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Antibiotics are drugs used to treat infections caused by bacteria, which are tiny organisms that can sometimes cause illness to humans and animals.

  • Some bacteria are harmless, and are good for us, such as those in a pet’s intestines helping digest food.
  • Antibiotics target microorganisms such as bacteria, fungi and parasites but are not effective against viruses.

That’s why a vet will not prescribe antibiotics for a viral infection such as canine parvovirus.  However, sometimes the weakened virus-infected pet may succumb to a secondary bacterial infection.

For example, cat flu (Feline Upper Respiratory Disease) is a very infectious disease caused by two viruses.  Initially, the affected cat sneezes a lot, and has runny eyes and nose. The cat may then go off its food, with a fever and general depression. The eyes and nose can become ulcerated.  The affected cat may salivate excessively, cough and lose its voice.  A secondary bacterial infection can result in a very thick nasal and eye discharge.

  • Pets as well as humans have special white blood cells that are triggered by harmful bacteria.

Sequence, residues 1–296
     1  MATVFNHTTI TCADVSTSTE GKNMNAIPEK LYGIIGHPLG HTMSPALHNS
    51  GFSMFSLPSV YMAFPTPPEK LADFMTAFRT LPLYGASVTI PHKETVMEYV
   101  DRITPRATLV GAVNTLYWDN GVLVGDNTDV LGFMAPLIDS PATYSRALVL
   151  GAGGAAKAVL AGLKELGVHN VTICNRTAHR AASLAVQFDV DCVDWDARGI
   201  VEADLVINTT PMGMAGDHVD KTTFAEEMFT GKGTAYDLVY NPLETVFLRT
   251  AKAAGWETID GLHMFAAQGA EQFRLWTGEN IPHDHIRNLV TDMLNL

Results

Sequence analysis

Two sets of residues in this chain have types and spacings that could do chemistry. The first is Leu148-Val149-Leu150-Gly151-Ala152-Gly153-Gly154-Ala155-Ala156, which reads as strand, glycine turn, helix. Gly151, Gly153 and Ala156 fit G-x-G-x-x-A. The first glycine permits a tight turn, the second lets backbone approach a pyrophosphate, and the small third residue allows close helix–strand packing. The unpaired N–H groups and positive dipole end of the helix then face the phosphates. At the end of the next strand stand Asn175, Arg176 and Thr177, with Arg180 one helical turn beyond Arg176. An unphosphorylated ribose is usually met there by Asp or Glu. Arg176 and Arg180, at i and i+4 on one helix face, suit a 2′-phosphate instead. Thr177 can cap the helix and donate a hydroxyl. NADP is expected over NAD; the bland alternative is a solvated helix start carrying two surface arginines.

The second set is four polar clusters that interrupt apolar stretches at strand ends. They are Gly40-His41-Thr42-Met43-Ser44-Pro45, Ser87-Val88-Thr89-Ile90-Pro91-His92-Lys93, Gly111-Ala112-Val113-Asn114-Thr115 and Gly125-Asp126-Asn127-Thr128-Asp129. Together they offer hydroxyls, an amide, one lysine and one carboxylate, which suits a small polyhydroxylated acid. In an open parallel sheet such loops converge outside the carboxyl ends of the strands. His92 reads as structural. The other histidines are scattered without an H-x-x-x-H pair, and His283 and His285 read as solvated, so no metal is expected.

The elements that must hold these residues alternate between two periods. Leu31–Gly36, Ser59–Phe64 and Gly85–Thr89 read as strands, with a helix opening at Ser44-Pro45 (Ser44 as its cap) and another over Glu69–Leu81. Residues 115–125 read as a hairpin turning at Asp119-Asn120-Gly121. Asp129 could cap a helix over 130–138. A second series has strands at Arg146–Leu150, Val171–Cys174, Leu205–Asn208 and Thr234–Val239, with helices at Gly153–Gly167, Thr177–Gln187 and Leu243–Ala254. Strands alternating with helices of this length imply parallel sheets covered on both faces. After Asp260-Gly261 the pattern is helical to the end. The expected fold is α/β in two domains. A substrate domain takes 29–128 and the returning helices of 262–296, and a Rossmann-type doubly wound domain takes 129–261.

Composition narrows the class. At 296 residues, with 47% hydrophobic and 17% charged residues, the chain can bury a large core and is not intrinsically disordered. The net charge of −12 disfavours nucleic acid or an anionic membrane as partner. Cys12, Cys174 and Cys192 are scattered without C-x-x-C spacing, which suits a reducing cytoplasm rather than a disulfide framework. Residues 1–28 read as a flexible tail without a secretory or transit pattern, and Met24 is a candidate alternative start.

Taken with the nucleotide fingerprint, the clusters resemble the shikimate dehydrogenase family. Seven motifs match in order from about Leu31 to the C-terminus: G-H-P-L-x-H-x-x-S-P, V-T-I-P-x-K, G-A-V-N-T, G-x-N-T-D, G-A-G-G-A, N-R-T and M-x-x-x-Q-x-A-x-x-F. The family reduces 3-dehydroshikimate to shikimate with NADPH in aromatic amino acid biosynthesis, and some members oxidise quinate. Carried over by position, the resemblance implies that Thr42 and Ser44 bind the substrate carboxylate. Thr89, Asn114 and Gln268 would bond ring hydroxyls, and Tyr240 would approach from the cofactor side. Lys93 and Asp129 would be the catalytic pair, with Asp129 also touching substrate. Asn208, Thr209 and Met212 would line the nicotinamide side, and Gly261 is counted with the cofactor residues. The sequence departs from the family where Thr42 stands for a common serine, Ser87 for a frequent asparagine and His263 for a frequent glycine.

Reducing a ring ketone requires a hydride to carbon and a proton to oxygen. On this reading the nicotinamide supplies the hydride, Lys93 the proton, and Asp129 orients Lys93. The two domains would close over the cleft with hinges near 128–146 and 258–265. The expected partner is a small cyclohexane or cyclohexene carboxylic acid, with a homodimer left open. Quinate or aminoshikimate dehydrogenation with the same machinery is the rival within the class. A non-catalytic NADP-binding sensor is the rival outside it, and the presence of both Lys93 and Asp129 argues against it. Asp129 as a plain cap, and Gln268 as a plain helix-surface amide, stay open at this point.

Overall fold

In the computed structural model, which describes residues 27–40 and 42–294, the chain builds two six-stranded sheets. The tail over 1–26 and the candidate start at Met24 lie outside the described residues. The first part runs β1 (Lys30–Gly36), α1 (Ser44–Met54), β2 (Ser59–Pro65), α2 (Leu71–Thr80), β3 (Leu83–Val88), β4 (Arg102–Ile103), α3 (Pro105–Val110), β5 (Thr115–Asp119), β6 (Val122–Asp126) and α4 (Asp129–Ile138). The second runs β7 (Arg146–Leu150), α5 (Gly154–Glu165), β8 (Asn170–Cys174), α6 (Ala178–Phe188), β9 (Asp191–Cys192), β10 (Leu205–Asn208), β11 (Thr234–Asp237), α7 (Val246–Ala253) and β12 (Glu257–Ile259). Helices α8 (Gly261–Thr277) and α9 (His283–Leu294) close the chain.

• These cells eat the bacteria and destroy them, which often means that any infection is fought off. Sometimes these white blood cells get overwhelmed and need some help – that’s where antibiotics come in.
  • There are lots of different antibiotics but they work in two ways.
  • They either kill the bacteria or they stop them from multiplying.
  • They can be broad spectrum where they work against lots of different types of bacteria or narrow spectrum where they are effective against only a few types.
  • If antibiotics are overused or used incorrectly there is a chance that the bacteria will become resistant – the antibiotic becomes less effective against that type of bug.
  • Antibiotics are not completely powerless against resistant bacteria, but patients may need a much higher dose over a longer period or an alternative antibiotic to which the bacteria have less resistance.
Author – Elaine Pendlebury BA BSc  BVetMed DMS MRCVS  Senior Veterinary Surgeon (Science & Welfare) PDSA

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A small proportion of the general pet population carry MRSA or similar MDR bacteria, but the carriage rate in sick animals that have visited veterinary practices is higher.

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